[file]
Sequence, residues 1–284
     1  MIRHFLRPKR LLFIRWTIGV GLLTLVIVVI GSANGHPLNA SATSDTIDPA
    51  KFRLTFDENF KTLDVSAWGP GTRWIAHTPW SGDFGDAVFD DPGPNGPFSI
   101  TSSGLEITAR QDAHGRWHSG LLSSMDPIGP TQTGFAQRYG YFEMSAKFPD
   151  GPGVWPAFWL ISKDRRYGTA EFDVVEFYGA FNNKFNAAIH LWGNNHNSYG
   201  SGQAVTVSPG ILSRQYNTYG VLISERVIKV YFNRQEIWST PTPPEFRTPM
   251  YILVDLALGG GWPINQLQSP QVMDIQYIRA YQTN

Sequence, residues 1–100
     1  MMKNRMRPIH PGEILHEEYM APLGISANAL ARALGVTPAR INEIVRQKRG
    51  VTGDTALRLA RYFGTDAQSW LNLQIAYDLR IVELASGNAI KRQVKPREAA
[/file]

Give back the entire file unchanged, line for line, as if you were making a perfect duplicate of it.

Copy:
Sequence, residues 1–284
     1  MIRHFLRPKR LLFIRWTIGV GLLTLVIVVI GSANGHPLNA SATSDTIDPA
    51  KFRLTFDENF KTLDVSAWGP GTRWIAHTPW SGDFGDAVFD DPGPNGPFSI
   101  TSSGLEITAR QDAHGRWHSG LLSSMDPIGP TQTGFAQRYG YFEMSAKFPD
   151  GPGVWPAFWL ISKDRRYGTA EFDVVEFYGA FNNKFNAAIH LWGNNHNSYG
   201  SGQAVTVSPG ILSRQYNTYG VLISERVIKV YFNRQEIWST PTPPEFRTPM
   251  YILVDLALGG GWPINQLQSP QVMDIQYIRA YQTN

Sequence, residues 1–100
     1  MMKNRMRPIH PGEILHEEYM APLGISANAL ARALGVTPAR INEIVRQKRG
    51  VTGDTALRLA RYFGTDAQSW LNLQIAYDLR IVELASGNAI KRQVKPREAA